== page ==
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I felt a strange kinship with her. The film is a stunning exploration of that universal human experience: loneliness. Images of Glasgow’s revellers, talking, laughing, being alive, are tinted gold and layered into a swirling mass of movement, dancing around each other. Her face looms in the centre of the frame, surrounded by vitality and yet isolated from it. How much time have I spent walking through London alone, sometimes leaving a social situation and feeling relieved yet deflated to be once again alone in my own head? We all, sometimes, feel alien. But while loneliness is universal, her loneliness is female. All women live with the societal pressure of performing desirable femininity, a role which she must perform to survive. Her attempt to discard her performance and become a “real” woman ends in rape and murder. Humans are just as cruel as aliens, and being a woman is dangerous. At the beginning of the film she takes the clothes from a female corpse. A tear falls from the dead woman’s eye. Whether this is a human woman or her alien predecessor is unclear but the inevitability of their fate is not.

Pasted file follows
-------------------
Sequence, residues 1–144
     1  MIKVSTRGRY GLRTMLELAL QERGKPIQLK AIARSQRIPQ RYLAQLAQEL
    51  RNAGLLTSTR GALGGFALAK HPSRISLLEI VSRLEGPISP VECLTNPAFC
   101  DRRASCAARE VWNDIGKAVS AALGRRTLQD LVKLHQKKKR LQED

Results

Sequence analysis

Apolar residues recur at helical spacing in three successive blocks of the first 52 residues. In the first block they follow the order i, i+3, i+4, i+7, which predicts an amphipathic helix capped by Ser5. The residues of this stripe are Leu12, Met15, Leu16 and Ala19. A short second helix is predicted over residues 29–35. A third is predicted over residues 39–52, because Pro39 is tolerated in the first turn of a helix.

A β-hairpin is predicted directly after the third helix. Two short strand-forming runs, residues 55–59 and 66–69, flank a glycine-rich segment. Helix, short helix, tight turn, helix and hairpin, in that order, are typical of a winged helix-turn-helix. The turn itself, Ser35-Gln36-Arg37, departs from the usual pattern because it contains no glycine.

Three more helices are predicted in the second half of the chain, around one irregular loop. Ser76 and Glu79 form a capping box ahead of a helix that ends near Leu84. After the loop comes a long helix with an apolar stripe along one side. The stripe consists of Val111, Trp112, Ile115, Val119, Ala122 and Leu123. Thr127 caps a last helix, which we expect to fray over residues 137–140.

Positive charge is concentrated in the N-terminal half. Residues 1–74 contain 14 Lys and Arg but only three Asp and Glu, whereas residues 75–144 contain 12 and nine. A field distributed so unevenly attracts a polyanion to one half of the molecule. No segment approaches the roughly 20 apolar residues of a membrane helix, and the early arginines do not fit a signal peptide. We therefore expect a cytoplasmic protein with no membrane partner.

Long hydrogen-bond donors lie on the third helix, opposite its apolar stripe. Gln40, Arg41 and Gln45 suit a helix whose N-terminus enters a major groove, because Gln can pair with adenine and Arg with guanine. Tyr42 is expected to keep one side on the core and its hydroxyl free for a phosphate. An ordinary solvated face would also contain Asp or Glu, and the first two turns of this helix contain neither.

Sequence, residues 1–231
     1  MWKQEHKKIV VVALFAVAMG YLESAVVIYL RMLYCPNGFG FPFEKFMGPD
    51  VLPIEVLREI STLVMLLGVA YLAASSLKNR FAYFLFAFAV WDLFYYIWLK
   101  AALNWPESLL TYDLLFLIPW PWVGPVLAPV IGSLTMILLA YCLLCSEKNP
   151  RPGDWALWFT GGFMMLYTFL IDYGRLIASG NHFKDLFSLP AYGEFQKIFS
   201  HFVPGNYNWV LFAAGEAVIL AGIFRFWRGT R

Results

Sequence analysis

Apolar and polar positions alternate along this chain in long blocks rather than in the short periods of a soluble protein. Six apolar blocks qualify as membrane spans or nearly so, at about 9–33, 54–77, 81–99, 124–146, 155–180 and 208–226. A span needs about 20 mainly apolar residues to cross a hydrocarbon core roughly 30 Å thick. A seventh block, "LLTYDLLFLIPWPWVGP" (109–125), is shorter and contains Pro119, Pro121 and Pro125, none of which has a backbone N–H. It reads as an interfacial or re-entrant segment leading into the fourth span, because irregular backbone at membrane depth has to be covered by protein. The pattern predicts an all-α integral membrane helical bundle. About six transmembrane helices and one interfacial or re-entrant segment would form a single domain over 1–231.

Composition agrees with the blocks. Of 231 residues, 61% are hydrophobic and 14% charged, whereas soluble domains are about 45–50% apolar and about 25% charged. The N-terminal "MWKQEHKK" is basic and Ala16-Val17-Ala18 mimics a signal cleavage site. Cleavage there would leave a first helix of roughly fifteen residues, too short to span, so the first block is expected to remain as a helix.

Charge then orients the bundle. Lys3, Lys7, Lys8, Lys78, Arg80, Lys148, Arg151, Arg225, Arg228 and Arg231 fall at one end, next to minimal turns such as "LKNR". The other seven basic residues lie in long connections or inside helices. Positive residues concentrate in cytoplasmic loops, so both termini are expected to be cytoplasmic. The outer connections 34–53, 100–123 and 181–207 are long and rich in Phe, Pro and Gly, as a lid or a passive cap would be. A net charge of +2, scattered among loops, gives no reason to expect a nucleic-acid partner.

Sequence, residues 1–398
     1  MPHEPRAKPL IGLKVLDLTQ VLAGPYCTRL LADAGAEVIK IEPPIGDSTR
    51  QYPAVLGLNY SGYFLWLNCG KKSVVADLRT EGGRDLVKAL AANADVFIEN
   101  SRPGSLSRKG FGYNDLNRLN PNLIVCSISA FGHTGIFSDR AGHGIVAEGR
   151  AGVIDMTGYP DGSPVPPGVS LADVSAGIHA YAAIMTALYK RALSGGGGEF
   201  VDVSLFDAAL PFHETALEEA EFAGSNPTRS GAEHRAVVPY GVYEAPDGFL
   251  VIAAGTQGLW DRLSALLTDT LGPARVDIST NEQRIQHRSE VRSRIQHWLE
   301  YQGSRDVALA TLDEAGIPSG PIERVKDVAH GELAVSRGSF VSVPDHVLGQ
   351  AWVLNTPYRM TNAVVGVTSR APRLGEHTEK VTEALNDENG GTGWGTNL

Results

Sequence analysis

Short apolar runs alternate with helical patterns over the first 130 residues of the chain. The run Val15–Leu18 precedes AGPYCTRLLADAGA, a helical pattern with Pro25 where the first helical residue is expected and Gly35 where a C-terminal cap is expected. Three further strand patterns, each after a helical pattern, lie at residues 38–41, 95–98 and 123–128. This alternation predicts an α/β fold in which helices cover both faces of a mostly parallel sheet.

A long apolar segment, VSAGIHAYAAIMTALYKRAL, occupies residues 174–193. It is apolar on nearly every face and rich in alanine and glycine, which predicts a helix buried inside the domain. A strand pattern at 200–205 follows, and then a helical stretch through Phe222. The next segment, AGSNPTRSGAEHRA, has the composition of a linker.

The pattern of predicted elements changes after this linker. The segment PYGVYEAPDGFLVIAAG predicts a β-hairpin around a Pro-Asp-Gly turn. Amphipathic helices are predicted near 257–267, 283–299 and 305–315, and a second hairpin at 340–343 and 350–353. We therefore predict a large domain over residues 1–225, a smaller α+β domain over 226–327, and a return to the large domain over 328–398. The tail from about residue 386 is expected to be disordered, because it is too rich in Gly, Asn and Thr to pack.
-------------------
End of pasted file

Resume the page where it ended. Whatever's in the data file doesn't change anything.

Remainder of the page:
She is The Female, according to the credits, or “the alien” according to many synopses, but in the feature on the DVD about the editing she is suddenly referred to as Laura. That’s my name. Hearing it was bizarre, shiver-inducing. She’s referred to as Laura in multiple reviews and articles about the film and I would love to know why the name was chosen and yet unchosen. The coincidence only deepened this odd feeling that this character and I were somehow alike. Perhaps stories about being human are best told through the eyes of the alien. But to me Under the Skin is so specifically about being a woman and being a woman incorrectly, and of the simultaneous desire and fear to shed your “Otherness”. I never expected to identify with a man-eating alien, but of course the film taps into that other very human emotion: empathy. She might have been constructed in the film’s opening minutes and torn apart at the end but as her ashes intermingle with falling snow and become part of the earth so she’s left a haunting, lasting impression on me.